“We are ecstatic that this clinical trial of Abraxane plus gemcitabine improves survival for patients with advanced stage IV pancreatic cancer,” said Dr. Daniel Von Hoff, international lead investigator for MPACT, chief scientific officer for Virginia G. Piper Cancer Center Clinical Trials at Scottsdale Healthcare, and TGen’s Physician-In-Chief. “It once again demonstrates that laboratory science based medicine can make a difference for patients.”

MPACT is the largest phase III clinical trial completed in advanced pancreatic cancer with more than 800 patients. Findings from the study showed a 59 percent increase in one-year median survival rates from less than a quarter of the patients (22 percent) to more than a third (35 percent). The two-year survival rate for this cancer is negligible, less than 4 percent, but that more than doubles (9 percent) with the nab-paclitaxel/gemcitabine combination.

One of those patients was Lynne Jacoby, 48, of Phoenix, who works as a director of compliance for a healthcare company. Jacoby was given only weeks to live when her Stage 4 pancreatic adenocarcinoma, a tumor the size of a golf ball, was first diagnosed in April 2012 — nine months ago.

“If you had to live your life in a year, and that is all the time you have, wouldn’t you do everything you could to experience this time,” said Jacoby, who for nearly a year before her diagnosis had experienced night sweats, indigestion, stomach pains, neck and back pain, and an elevated white-blood count.

She began the treatment of Abraxane plus gemcitabine in May 2012 and continues on the medications, saying now that she “feels awesome, wonderful.” She is scheduled to remain on the drug combination through May 2013.

“Life is priceless. No amount of money can be placed on life. I know I would be gone already if it was not for Dr. Von Hoff,” said Jacoby, who also refers to him as “Dr. Von Hope.”

The study showed significant improvement among some of the sickest patients including those with increased metastases. Significantly there was no increase in life-threatening toxicity. Other drug combinations that have demonstrated benefit have been limited by increased toxicities.

“This is a major improvement in a cancer with the lowest survival rates among all cancer types,” said Dr. Ramesh Ramanathan, medical director of Virginia G. Piper Cancer Center Clinical Trials at Scottsdale Healthcare and principal investigator for the clinical trial in the United States. “Advanced pancreatic cancer is fourth most common cause of cancer death in the United States and throughout the world. It is difficult to diagnose with a majority of the cases diagnosed at a late stage after the disease has already advanced.”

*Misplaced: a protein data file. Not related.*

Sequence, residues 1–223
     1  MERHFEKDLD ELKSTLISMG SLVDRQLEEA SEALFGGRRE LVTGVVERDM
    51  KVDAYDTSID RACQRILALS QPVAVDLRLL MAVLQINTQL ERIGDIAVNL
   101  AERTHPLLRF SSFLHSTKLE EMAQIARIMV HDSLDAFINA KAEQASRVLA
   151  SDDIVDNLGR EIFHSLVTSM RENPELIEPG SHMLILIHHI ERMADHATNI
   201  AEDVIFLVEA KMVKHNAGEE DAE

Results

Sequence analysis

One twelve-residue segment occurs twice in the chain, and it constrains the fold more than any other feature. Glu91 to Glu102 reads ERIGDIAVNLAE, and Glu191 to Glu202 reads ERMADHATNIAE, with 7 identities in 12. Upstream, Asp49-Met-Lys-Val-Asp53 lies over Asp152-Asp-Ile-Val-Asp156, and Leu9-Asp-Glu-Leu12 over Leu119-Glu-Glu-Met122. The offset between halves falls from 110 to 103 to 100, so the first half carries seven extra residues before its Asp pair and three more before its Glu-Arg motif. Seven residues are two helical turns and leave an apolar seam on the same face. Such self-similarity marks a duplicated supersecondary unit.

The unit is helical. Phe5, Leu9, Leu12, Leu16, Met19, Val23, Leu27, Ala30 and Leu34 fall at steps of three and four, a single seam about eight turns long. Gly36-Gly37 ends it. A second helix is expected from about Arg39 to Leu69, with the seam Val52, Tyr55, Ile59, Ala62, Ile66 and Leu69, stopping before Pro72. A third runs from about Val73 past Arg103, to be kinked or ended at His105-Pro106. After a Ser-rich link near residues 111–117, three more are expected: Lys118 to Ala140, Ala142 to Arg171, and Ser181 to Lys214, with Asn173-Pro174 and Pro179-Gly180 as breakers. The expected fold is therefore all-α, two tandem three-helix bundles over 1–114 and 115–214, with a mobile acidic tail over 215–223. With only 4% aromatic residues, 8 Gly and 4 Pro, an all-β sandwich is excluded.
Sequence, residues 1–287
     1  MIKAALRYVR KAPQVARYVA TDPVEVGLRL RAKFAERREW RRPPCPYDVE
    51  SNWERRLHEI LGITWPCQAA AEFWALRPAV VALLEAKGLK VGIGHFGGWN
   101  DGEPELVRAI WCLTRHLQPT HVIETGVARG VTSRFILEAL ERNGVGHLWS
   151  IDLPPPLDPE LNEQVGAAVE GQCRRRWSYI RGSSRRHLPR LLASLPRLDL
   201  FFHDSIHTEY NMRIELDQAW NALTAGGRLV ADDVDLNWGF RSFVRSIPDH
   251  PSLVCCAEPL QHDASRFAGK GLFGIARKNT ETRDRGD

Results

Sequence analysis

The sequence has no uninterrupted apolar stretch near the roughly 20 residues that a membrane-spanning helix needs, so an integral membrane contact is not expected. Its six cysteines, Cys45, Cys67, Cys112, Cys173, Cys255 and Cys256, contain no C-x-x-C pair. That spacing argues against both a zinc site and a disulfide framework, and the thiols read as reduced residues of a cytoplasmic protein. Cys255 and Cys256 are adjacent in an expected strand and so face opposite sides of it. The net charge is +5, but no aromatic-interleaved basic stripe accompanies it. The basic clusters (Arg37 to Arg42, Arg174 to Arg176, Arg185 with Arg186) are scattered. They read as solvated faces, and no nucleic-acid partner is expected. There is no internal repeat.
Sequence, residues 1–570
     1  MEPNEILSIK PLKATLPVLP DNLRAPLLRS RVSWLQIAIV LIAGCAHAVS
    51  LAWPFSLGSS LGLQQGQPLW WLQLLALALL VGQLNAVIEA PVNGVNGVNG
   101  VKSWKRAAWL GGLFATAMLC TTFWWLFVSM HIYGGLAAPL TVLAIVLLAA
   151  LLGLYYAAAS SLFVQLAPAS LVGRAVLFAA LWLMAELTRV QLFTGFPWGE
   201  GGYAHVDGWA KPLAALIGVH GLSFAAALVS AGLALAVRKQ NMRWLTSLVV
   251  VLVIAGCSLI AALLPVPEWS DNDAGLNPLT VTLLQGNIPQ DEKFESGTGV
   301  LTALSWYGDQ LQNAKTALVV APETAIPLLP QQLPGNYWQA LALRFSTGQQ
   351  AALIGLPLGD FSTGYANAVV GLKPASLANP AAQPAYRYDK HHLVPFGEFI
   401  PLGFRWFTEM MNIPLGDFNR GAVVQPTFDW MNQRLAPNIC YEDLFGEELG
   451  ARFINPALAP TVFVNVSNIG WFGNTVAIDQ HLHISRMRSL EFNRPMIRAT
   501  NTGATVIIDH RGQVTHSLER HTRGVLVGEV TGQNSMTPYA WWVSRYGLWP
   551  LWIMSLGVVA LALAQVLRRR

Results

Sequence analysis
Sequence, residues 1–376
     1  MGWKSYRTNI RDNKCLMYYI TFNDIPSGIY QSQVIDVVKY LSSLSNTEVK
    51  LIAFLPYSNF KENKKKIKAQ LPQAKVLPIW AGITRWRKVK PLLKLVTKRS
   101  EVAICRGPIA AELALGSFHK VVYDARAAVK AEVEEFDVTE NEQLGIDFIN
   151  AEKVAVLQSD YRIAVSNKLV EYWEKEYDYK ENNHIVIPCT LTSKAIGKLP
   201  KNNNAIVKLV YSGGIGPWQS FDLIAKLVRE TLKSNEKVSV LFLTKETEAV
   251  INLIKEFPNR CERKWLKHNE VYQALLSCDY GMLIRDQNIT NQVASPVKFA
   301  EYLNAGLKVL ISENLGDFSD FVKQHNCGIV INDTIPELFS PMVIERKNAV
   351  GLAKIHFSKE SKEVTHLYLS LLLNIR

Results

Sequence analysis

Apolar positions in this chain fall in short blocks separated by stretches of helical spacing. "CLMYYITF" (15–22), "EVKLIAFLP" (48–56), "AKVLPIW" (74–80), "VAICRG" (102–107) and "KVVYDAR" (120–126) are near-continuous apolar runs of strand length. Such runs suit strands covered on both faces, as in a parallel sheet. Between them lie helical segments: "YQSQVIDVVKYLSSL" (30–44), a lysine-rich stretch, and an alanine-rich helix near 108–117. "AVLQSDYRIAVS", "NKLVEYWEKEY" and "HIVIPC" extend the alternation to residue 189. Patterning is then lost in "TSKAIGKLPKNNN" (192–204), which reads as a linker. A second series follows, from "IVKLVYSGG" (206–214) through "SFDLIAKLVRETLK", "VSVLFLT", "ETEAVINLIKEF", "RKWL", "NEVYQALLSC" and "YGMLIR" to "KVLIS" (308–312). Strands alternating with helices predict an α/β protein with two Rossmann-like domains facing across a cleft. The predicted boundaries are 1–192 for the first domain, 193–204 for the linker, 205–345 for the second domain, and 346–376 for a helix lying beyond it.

Abraxane wraps traditional chemotherapy, paclitaxel, in near-nano sized shells of albumin, a protein that the tumor sees as food. The tumor uses various mechanisms to preferentially attract the albumin, which then acts like a “Trojan Horse” to release its package of chemotherapy inside the tumor. It is approved in the U.S. for metastatic breast cancer and non-small cell lung cancer.

The pancreas is a gland behind the stomach that secretes enzymes into the upper part of the small intestine to help digestion. It also produces hormones, including insulin, which helps regulate the metabolism of sugars.

The incidence of pancreatic cancer is increasing worldwide with an estimated 279,000 cases per year, including nearly 44,000 in the U.S. in 2012, and resulting in more than 37,000 American deaths last year.

Individuals seeking information about eligibility to participate in clinical trials at the Virginia G. Piper Cancer Center at Scottsdale Healthcare may contact the cancer care coordinator at: 480-323-1339; toll free at 1-877-273-3713; or via email at clinicaltrials@shc.org.